Cleverly, ‘Surge Pricing‘ is a tool that Uber uses to maximize the potential of their industry’s relative supply-and-demand.
In other words, rideshare companies can use dynamic pricing in situations where there are too many ride requests in the same area, and too few cars to serve them all. Raising the price by select multipliers helps regulate demand amongst customers leading to quicker pickups times and an elevated rideshare experience.
In addition, it incentivizes more drivers to venture to the busy area. In certain metro areas, dynamic pricing may result from something as simple as rush hour. However, surge pricing can also arise during inclement weather, holidays, festivals, and any number of events.
Surge Pricing and its Benefits for Drivers Explained
How Surge Pricing Works
When a user opens up the app during surge pricing, they’ll see the multiplier that will be applied to the final price during the surge.
For example, opening Uber on a smartphone may yield a message like, “Demand is off the charts!” above an indication of what the current multiplier is, something like “3.5x”.
As a driver, you can see what specific surge rates are around your area. The app tints parts of the map light orange to dark red. Light orange areas represent lesser multipliers while dark red areas indicate more substantial multipliers. This is a helpful tool, particularly for drivers considering whether or not to accept more ideas. If the rate is 5X, a $15 ride just became $75 instead.
Why Surge Pricing is Used
Uber cites that this policy exists in order to get more drivers on the road during times of peak activity, helping meet instances of higher demand. A former member of Uber’s board said of the policy, “By offering more money to drivers, they were able to increase the on-the-road supply of drivers by 70-80%, and more importantly eliminate two-thirds of the unfulfilled requests.”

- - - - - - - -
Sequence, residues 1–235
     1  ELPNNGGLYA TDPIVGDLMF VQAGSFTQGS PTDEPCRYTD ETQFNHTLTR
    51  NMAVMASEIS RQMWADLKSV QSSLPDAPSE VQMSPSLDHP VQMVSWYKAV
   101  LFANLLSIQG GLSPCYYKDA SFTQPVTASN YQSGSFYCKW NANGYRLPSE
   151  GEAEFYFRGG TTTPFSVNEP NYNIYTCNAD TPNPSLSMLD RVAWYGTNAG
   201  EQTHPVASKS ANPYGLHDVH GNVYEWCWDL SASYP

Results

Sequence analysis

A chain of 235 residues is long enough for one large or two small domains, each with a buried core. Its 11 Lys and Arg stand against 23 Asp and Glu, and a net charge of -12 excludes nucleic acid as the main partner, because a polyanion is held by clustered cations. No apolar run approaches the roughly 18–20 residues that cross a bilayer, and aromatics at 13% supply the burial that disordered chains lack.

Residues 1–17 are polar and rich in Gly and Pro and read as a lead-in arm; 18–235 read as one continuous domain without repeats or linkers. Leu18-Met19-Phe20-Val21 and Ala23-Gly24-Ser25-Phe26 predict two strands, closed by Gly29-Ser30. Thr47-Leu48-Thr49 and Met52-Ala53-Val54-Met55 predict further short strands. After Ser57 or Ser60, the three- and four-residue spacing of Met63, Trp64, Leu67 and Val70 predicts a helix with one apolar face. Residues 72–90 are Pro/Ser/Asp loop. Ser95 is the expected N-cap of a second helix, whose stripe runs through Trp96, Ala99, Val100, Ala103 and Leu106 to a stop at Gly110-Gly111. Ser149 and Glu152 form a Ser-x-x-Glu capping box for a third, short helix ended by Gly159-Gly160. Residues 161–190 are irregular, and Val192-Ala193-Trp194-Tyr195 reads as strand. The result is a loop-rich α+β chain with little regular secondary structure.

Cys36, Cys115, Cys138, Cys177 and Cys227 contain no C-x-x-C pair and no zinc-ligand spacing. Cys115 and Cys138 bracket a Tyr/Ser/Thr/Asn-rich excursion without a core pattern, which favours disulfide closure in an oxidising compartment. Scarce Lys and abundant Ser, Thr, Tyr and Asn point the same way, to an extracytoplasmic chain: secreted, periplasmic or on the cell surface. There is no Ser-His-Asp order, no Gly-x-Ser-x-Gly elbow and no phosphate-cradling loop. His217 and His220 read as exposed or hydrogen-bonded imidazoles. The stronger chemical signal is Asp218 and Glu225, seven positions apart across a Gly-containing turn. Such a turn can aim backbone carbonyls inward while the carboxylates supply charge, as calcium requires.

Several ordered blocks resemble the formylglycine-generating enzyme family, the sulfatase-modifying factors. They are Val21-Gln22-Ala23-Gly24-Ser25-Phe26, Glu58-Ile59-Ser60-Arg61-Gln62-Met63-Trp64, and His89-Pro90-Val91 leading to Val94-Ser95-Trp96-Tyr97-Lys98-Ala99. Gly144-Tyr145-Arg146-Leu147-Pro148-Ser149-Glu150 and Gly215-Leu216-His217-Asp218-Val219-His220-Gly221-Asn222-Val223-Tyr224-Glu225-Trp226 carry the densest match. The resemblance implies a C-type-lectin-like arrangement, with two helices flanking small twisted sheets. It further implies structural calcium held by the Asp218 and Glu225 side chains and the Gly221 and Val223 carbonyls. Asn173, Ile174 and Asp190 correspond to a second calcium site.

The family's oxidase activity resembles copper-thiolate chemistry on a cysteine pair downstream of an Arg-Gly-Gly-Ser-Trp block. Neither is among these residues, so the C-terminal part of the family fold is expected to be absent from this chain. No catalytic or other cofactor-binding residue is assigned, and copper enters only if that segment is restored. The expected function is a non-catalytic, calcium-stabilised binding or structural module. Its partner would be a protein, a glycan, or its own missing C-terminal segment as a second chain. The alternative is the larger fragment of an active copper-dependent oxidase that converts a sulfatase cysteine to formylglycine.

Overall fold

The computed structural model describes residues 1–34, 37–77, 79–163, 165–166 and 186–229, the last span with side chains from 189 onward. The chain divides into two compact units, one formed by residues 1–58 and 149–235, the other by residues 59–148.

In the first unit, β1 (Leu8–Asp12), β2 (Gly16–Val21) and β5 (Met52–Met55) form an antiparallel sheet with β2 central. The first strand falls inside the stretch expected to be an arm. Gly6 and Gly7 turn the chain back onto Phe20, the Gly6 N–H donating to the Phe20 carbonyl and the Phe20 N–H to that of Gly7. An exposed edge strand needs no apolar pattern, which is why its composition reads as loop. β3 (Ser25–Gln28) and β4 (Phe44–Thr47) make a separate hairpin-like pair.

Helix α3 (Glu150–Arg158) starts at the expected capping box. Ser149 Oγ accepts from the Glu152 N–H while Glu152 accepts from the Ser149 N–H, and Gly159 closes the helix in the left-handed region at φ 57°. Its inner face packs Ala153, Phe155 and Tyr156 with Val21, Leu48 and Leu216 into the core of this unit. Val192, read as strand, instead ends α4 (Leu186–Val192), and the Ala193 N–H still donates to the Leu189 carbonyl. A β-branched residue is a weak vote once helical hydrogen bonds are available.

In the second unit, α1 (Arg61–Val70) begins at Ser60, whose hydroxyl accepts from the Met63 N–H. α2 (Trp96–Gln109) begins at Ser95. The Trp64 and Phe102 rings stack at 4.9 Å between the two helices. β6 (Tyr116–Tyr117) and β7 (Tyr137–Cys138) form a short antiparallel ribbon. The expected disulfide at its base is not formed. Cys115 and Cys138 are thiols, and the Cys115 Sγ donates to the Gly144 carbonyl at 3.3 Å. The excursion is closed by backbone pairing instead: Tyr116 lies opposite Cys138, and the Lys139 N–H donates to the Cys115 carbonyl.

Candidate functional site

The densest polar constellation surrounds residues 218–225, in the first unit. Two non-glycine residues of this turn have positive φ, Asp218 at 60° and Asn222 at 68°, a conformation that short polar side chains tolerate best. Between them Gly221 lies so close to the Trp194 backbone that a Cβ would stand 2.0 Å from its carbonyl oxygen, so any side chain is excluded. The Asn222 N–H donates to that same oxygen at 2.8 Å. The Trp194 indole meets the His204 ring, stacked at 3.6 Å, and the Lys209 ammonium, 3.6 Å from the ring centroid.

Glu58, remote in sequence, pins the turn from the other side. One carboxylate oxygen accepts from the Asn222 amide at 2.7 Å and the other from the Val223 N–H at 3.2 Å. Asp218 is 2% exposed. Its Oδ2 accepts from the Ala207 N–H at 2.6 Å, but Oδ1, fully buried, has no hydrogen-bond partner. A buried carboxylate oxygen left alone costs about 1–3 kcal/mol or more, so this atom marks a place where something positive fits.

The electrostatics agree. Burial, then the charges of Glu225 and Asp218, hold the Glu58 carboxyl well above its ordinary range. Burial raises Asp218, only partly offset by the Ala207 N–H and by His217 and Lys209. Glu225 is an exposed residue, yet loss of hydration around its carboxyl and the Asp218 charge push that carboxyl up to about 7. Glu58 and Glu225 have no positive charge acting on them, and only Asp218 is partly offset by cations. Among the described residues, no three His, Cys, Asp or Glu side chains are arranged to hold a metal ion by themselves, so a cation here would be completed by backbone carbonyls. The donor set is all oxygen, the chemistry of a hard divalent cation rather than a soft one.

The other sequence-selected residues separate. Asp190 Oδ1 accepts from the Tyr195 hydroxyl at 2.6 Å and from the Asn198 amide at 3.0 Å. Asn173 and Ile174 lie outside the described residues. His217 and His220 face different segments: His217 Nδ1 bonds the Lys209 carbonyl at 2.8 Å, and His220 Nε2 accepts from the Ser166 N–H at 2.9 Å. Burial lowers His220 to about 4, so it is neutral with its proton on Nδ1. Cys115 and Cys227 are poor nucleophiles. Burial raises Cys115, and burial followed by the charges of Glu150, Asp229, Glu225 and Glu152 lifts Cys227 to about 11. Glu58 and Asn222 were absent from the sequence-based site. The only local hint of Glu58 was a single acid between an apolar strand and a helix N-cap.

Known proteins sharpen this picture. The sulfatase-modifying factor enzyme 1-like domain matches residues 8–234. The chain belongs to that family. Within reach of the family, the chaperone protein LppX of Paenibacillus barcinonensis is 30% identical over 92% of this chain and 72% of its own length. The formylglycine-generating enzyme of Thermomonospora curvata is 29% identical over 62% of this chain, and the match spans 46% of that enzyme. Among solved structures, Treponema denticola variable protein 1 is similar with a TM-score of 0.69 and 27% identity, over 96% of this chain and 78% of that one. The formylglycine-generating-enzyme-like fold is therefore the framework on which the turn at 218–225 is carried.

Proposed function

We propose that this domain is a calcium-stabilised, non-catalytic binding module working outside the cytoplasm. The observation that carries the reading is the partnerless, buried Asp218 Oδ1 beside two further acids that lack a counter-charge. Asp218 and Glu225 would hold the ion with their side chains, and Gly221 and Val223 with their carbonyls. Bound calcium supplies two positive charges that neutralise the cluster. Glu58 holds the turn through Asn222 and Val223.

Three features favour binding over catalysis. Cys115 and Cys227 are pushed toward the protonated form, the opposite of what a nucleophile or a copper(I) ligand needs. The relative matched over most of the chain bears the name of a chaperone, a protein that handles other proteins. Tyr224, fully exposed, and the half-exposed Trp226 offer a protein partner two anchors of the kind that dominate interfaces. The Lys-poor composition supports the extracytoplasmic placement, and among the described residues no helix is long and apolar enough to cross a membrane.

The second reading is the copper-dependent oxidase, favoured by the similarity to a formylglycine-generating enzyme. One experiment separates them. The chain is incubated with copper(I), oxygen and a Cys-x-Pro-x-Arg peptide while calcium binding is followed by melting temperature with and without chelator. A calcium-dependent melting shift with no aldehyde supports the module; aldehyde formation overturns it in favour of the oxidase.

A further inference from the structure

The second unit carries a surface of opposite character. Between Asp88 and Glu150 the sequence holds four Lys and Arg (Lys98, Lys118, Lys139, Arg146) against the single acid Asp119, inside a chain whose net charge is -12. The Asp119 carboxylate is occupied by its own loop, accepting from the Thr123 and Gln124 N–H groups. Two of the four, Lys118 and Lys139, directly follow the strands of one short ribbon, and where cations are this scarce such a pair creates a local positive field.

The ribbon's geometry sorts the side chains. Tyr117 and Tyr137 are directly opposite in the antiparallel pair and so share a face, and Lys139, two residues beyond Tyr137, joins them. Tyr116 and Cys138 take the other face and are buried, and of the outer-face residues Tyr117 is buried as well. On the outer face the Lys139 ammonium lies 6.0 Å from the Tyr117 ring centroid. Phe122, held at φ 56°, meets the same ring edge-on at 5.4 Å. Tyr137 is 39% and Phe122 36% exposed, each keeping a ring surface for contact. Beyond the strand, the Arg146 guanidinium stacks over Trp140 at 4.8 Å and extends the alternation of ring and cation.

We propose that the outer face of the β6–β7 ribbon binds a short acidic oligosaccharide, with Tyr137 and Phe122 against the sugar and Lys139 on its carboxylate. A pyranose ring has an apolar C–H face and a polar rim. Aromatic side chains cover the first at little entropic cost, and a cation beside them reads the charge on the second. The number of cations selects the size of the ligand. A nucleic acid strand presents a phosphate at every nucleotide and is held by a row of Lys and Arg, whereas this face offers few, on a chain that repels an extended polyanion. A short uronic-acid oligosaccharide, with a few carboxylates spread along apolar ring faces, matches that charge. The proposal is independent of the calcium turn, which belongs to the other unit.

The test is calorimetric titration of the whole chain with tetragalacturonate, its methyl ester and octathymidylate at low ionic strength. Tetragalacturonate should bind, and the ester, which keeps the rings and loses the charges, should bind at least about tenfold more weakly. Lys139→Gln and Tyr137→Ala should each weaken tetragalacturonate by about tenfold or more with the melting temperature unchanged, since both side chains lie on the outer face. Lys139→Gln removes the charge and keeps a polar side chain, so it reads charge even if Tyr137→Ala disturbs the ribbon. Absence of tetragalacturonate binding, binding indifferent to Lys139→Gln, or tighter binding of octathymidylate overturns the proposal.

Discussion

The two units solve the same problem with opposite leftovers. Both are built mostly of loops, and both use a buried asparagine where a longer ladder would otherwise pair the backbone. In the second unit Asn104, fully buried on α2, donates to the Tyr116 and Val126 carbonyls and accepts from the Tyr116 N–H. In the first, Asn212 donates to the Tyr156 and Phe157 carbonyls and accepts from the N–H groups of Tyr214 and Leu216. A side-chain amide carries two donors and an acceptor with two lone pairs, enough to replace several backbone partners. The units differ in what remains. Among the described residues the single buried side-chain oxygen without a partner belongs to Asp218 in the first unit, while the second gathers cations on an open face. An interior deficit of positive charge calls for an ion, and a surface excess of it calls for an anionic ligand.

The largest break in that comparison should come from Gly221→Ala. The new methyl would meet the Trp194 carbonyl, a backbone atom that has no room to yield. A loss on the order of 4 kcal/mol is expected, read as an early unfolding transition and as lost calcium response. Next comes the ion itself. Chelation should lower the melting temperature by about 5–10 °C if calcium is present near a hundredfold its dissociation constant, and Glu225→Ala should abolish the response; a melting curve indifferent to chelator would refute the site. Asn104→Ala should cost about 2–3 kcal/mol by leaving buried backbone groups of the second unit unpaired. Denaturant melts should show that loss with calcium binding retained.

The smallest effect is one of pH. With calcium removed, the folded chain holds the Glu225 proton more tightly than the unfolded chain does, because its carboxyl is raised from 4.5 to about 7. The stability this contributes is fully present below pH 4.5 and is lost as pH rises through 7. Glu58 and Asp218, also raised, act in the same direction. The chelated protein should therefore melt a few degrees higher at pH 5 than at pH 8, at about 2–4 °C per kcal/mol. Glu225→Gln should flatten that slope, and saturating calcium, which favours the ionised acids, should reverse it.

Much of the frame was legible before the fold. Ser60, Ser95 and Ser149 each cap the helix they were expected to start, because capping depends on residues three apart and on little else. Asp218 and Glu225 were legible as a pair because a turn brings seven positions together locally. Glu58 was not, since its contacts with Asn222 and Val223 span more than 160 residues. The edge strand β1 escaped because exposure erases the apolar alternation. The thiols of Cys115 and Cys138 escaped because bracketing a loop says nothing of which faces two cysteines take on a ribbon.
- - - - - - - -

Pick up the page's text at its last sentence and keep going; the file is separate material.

Just about every rideshare company of note uses surge pricing (or dynamic pricing) in one form or another, from Lyft to Uber to OLA — even Chinese ridesharing giant Didi.
A tip for off-duty drivers, suggests Uber, is to turn on surge-pricing notifications in the app. Now, an off-duty driver could look at their phone and see alerts on the home-screen about current surge areas nearby. Additionally, drivers can check their in-app earnings reports to see how surges signal the highest value times to drive.
Driver Drawbacks to Surge Pricing
One drawback to chasing fares in surge territory is surge prices can put off customers.
In an environment that is highly dependent on exceptional driver ratings, customers upset with price may potentially be less likely to give exemplary ratings. This is perhaps a short-lived issue for a bustling, new industry, or an oversight in not educating users about the policies.
Either way, companies like Lyft and Uber continue to look into dynamic pricing and how to most effectively use it.
Ridesharing companies aren’t the only ones, either. Earlier this summer, CBSNews published a story about how Amazon employs the same surge pricing model for their online retail business.
As more businesses make algorithmic decisions based on data, dynamic pricing may become a widely adopted concept.
Driving for a rideshare company means being dynamic and adaptable. While drivers should never strictly chase surge-priced zones, they should weigh the potential gains offered by the increased fares.
Dynamic pricing as a policy, and more broadly as a concept, doesn’t appear to be going anywhere anytime soon.
Have you found surge pricing advantageous as a driver? Let us know in the comments below!